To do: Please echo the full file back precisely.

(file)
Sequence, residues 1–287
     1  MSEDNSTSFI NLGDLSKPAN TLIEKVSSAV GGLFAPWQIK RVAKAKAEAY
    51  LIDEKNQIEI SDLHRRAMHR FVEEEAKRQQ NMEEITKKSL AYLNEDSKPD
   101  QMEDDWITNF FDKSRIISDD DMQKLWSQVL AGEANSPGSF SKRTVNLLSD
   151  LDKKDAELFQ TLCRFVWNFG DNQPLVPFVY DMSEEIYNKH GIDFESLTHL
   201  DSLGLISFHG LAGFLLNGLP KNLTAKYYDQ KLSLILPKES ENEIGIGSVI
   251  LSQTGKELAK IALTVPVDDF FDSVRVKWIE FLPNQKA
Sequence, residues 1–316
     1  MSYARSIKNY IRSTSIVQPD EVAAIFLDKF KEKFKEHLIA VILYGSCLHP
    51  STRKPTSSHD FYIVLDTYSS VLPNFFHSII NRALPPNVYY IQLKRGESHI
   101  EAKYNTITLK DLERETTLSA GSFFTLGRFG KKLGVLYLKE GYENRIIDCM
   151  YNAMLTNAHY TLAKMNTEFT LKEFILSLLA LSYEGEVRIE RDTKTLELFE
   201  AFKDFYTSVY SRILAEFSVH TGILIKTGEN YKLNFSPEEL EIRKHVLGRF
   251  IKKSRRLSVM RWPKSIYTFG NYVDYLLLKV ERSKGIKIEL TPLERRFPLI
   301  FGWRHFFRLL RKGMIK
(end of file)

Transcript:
Sequence, residues 1–287
     1  MSEDNSTSFI NLGDLSKPAN TLIEKVSSAV GGLFAPWQIK RVAKAKAEAY
    51  LIDEKNQIEI SDLHRRAMHR FVEEEAKRQQ NMEEITKKSL AYLNEDSKPD
   101  QMEDDWITNF FDKSRIISDD DMQKLWSQVL AGEANSPGSF SKRTVNLLSD
   151  LDKKDAELFQ TLCRFVWNFG DNQPLVPFVY DMSEEIYNKH GIDFESLTHL
   201  DSLGLISFHG LAGFLLNGLP KNLTAKYYDQ KLSLILPKES ENEIGIGSVI
   251  LSQTGKELAK IALTVPVDDF FDSVRVKWIE FLPNQKA
Sequence, residues 1–316
     1  MSYARSIKNY IRSTSIVQPD EVAAIFLDKF KEKFKEHLIA VILYGSCLHP
    51  STRKPTSSHD FYIVLDTYSS VLPNFFHSII NRALPPNVYY IQLKRGESHI
   101  EAKYNTITLK DLERETTLSA GSFFTLGRFG KKLGVLYLKE GYENRIIDCM
   151  YNAMLTNAHY TLAKMNTEFT LKEFILSLLA LSYEGEVRIE RDTKTLELFE
   201  AFKDFYTSVY SRILAEFSVH TGILIKTGEN YKLNFSPEEL EIRKHVLGRF
   251  IKKSRRLSVM RWPKSIYTFG NYVDYLLLKV ERSKGIKIEL TPLERRFPLI
   301  FGWRHFFRLL RKGMIK